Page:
Fighting the Asian Long-Horned Beetle

by Anne Schwartz, Aug 11, 2008

Like a monster in a sci-fi movie, an invading black-and-white beetle with outsized striped antennae has the potential to undo the city's efforts to plant a million more trees. The Asian long-horned beetle could kill nearly half the city's hardwood trees and spell disaster for the Northeast's forests, parks officials say.

A tree-killing attack starts when the beetle chews holes in the bark of a tree to lay its eggs. The eggs hatch into larvae that bore into the heartwood, where they live and feed during the colder months before emerging as adults in the spring. The Asian long-horned beetle infests many different kinds of hardwoods, including all maple species, birch, horse chestnut, London plane, sycamore, poplar, willow, elm and ash.

It is believed that the beetle hitched a ride in wooden packing material shipped from China. The first New York sighting of the beetle was in Greenpoint, Brooklyn, in 1996. Since then, it has been found in all boroughs except the Bronx, as well as in Long Island and New Jersey. (A separate infestation discovered in Chicago in 1998 was recently declared eradicated by the U.S. Department of Agriculture.)

Attack on Staten Island

Last year, the invader made inroads into Staten Island for the first time, using Prall's Island, an uninhabited bird sanctuary in the Arthur Kill, as a stepping stone. At the time Parks Commissioner Adrian Benepe warned that, if left unchecked, the beetle "could wipe out .... half of the trees of Staten Island, which would completely change the character of the island."

Federal and state agencies and the city parks department quickly mounted an intensive control effort. Parks workers cut down and chipped nearly 3,000 trees on Prall's Island and 6,700 trees on the nearby Staten Island shore, destroying infested trees as well as any tree that could be a potential host within a half-mile radius.

In Staten Island and all the areas where the pest has been discovered, the state and federal agencies conduct year-round surveying for evidence of infestation; in the spring, insecticide is injected into potential host trees within a mile and a half of known infestations.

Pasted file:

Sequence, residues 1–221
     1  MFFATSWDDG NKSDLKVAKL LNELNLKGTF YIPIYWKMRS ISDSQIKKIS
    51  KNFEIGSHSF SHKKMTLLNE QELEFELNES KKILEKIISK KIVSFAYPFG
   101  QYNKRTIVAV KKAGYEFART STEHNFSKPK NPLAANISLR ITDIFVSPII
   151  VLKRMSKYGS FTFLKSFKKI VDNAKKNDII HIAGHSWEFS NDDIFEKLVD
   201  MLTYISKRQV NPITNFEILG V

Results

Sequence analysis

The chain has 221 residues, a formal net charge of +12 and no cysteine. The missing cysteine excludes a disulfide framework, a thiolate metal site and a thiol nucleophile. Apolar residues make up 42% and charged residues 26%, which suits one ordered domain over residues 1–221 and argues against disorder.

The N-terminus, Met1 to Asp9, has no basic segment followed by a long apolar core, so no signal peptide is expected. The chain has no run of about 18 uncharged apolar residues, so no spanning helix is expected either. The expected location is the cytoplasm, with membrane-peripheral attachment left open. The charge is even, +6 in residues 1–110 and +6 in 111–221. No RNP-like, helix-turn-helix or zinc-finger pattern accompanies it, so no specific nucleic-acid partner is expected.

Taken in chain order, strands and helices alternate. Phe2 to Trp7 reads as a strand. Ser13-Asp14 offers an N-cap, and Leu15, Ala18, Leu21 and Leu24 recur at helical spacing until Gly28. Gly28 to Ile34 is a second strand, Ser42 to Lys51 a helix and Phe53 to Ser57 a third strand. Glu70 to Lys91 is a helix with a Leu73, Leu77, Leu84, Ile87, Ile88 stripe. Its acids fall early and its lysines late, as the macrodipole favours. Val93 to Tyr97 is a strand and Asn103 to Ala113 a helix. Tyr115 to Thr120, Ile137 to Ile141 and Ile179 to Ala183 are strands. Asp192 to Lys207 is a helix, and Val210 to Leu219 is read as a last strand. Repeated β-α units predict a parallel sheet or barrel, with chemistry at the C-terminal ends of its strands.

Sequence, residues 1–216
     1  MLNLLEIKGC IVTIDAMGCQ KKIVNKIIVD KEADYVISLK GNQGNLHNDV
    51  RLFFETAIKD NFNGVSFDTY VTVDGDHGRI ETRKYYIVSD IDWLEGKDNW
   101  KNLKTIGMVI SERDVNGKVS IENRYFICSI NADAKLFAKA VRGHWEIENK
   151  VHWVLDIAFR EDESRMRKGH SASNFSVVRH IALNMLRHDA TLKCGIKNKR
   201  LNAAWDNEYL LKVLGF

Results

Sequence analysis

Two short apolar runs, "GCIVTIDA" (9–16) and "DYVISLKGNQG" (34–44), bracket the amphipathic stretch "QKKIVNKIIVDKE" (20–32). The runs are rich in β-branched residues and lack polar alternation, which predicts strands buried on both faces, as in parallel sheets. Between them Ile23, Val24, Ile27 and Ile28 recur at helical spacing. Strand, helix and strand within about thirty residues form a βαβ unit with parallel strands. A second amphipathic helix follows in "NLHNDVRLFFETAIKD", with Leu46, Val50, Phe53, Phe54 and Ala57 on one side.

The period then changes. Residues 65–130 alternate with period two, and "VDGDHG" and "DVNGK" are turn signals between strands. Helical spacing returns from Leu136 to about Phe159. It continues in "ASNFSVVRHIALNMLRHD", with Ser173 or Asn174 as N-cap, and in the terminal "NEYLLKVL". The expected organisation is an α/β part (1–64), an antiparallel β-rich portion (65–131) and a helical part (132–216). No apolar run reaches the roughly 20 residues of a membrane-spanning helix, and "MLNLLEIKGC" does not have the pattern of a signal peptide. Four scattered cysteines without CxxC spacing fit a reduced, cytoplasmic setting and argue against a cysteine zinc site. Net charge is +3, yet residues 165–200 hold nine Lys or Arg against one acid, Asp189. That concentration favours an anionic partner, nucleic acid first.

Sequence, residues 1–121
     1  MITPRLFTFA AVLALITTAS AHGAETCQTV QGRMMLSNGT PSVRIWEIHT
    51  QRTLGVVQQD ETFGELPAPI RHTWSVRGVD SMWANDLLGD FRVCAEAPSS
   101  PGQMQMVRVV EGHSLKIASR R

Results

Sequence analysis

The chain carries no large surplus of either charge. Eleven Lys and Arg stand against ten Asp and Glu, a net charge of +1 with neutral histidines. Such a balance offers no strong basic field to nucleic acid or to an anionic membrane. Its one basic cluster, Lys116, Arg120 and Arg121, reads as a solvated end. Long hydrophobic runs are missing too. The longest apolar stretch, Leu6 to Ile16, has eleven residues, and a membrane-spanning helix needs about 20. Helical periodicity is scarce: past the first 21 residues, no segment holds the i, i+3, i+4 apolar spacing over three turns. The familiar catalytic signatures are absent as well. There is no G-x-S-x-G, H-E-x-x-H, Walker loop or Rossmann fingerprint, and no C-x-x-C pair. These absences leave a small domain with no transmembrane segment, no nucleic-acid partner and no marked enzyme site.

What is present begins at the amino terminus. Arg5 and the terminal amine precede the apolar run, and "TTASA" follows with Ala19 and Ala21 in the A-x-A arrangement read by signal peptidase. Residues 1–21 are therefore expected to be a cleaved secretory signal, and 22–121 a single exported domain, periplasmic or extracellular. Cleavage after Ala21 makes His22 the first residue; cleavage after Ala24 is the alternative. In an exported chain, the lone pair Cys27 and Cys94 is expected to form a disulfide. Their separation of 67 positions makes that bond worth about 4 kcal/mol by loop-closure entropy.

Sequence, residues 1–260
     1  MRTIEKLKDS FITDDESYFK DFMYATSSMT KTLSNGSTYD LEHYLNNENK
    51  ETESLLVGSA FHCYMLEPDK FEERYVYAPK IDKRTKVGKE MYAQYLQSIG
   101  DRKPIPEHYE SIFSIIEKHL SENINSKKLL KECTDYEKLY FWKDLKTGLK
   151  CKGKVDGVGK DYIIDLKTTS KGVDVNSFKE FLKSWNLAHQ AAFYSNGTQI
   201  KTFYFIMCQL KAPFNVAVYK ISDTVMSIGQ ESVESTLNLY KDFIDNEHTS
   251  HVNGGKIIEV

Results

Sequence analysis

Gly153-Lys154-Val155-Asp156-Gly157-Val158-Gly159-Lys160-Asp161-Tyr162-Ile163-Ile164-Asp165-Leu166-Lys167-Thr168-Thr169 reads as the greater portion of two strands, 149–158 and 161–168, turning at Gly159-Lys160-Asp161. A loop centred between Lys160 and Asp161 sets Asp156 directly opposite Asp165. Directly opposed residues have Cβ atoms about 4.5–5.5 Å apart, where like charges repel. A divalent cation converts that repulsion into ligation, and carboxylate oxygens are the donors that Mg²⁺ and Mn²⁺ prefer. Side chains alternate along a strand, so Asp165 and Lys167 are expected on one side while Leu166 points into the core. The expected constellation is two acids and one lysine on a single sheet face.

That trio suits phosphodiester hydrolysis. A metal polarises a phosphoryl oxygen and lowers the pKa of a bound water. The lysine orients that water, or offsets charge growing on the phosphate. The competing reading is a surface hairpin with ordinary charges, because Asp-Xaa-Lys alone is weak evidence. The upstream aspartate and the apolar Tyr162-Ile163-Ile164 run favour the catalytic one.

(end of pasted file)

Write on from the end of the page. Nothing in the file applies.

This past spring, a parks department restoration team began replanting new trees, shrubs and native plants on Prall's Island.

The eradication efforts appear to have halted the Asian long-horned beetle's advance in Staten Island, and so far this year no new infestations have been reported anywhere in New York City.

To prevent the inadvertent spread of the beetle, the parks department also provides free pick-up, chipping and disposal of residential wood waste in the four boroughs where the pest has been found.

The Government and the Public

In spite of the seriousness of the threat, federal funding to fight the beetle in New York City has been cut in recent years. For next year, Rep. Anthony Weiner is asking for $48 million for the federal beetle eradication program, $30 million of which would go to the city.

"New York City is the central point of infestation," Weiner said at a press conference earlier this year. But, he added, ""If we don't stop this, it won't be only a New York City problem."

Even if Washington did step up its support, the parks department would be unable to survey the city's more than 5 million trees in streets, parks and yards. As a result, the eradication effort depends on the public. Anyone who suspects an infestation should call the toll-free number 1-877-STOPALB or 311.

The beetle is one to one-and-a-half inches long, with a shiny black body, white spots and very long, black-and-white striped antennae. Telltale evidence of an infestation includes dime or pencil-sized holes, usually in a tree's upper trunk or branches, and piles of frass (sawdust and insect waste) at the base of a tree or where branches meet the trunk.

For more information, check the Web sites of the New York City parks department and U.S. Department of Agriculture's Animal and Plant Health Inspection Service.